Many Neolithic groups routinely resorted to infanticide in order to control their numbers so that their lands could support them. Joseph Birdsell believed that infanticide rates in prehistoric times were between 15% and 50% of the total number of births, while Laila Williamson estimated a lower rate ranging from 15% to 20%. Both anthropologists believed that these high rates of infanticide persisted until the development of agriculture during the Neolithic Revolution. Comparative anthropologists have calculated that 50% of female newborn babies were killed by their parents during the Paleolithic era. Decapitated skeletons of hominid children have been found with evidence of cannibalism. The children were not necessarily actively killed, but neglect and intentional malnourishment may also have occurred, as proposed by Vicente Lull as an explanation for an apparent surplus of men and the below average height of women in prehistoric Menorca. In ancient history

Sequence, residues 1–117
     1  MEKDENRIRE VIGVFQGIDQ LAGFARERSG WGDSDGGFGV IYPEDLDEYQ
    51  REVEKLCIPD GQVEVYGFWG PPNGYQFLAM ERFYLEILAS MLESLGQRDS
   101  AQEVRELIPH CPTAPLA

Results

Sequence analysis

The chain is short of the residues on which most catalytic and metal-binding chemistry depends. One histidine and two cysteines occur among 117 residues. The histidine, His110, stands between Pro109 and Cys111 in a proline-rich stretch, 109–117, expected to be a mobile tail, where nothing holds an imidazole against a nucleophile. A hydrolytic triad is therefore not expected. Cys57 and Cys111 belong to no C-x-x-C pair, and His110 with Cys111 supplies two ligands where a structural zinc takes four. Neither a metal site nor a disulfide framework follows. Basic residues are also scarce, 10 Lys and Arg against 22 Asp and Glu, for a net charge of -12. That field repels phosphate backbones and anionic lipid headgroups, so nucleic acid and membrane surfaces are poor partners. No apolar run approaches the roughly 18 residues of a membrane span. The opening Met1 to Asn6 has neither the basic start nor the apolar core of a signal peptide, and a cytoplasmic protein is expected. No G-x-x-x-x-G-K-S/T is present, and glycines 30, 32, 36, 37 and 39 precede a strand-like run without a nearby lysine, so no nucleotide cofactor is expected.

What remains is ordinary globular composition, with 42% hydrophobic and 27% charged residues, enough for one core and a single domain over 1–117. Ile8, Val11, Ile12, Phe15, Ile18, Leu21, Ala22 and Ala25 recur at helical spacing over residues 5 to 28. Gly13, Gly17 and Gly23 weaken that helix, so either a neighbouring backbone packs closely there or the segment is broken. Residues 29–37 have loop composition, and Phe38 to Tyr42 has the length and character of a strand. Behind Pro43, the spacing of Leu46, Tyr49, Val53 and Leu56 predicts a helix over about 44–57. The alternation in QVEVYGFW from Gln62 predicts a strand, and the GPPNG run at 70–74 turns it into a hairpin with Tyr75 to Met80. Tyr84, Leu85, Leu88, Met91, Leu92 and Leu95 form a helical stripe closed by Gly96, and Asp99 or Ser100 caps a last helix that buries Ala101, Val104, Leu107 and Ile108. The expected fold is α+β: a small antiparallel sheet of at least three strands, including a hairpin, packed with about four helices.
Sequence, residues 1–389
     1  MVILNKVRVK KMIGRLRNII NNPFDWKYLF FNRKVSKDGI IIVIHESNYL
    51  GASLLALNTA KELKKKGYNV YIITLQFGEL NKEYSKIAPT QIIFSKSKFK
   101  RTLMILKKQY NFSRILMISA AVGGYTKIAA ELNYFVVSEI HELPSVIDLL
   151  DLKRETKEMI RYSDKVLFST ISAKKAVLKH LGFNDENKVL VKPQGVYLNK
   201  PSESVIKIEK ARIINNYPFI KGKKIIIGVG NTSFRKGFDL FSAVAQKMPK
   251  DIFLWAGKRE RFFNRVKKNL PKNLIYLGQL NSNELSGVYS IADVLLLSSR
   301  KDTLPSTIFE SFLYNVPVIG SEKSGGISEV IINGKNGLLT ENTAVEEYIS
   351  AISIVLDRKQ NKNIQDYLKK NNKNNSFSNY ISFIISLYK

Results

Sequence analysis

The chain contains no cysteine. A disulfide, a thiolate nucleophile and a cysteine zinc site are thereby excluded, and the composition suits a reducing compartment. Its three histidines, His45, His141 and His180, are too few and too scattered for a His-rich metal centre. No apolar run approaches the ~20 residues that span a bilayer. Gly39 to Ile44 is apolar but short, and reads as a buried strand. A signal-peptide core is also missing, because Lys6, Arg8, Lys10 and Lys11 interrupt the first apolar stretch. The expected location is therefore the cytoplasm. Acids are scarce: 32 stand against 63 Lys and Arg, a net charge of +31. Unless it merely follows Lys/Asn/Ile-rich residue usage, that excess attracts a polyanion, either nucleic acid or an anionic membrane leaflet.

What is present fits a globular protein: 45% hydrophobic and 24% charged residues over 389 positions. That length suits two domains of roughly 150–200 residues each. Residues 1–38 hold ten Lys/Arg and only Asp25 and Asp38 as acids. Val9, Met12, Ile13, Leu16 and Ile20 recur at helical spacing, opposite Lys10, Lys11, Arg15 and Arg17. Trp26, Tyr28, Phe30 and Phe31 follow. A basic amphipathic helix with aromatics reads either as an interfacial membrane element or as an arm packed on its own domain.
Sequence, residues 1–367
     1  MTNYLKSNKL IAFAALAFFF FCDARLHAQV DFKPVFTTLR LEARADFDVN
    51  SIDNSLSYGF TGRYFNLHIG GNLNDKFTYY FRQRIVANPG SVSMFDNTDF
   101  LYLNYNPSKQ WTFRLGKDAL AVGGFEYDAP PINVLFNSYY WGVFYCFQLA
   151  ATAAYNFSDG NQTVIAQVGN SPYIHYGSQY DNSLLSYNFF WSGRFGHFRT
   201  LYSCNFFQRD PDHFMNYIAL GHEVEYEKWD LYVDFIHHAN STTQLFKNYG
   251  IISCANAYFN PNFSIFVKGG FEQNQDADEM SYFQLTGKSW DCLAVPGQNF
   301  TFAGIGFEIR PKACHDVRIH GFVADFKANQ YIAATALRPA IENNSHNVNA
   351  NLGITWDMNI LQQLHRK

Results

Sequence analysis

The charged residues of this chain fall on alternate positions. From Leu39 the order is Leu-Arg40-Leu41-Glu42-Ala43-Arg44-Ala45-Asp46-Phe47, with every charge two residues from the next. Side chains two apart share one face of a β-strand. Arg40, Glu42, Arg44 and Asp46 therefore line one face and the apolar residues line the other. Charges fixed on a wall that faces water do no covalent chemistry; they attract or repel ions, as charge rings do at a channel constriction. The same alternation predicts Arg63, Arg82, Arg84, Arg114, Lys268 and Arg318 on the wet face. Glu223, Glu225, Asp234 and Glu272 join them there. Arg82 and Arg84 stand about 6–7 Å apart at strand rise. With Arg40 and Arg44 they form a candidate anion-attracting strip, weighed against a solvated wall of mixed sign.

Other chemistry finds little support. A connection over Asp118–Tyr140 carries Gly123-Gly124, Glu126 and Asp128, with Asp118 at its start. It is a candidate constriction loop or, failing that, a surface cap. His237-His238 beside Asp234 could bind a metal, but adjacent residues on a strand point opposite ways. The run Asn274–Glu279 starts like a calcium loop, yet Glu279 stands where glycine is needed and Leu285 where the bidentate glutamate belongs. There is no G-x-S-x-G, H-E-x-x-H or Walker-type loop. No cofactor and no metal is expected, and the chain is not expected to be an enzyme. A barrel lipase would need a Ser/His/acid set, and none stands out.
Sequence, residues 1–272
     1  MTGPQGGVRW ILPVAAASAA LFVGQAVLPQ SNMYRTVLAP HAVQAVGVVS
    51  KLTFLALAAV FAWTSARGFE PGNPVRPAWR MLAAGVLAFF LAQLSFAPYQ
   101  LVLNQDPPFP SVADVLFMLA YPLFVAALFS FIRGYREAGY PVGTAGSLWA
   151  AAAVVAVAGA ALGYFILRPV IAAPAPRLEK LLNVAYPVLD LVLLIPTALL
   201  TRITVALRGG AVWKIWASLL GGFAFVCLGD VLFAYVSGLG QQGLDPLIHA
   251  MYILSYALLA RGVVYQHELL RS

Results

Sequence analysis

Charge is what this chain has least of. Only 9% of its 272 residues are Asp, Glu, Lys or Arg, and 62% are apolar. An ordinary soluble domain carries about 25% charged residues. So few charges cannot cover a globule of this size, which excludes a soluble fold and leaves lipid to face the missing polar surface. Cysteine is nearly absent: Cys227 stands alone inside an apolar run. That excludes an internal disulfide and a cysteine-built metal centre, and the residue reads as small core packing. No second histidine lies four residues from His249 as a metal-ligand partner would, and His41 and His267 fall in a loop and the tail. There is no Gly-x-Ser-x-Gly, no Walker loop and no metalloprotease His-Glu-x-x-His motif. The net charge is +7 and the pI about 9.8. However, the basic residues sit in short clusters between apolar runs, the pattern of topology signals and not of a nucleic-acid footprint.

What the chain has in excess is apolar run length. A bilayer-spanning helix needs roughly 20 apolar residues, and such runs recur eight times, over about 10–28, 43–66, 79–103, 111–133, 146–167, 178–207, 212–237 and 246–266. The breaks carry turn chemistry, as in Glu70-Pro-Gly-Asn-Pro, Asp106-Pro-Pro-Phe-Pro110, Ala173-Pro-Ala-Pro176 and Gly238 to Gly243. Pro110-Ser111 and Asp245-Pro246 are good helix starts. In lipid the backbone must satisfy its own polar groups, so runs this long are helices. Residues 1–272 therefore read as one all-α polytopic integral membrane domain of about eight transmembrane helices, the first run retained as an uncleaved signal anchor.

In the New World
Main article: Child sacrifice in pre-Columbian cultures
Archaeologists have uncovered physical evidence of child sacrifice at several locations. Some of the best attested examples are the diverse rites which were part of the religious practices in Mesoamerica and the Inca Empire. In the Old World
Three thousand bones of young children, with evidence of sacrificial rituals, have been found in Sardinia. Infants were offered to the Babylonian...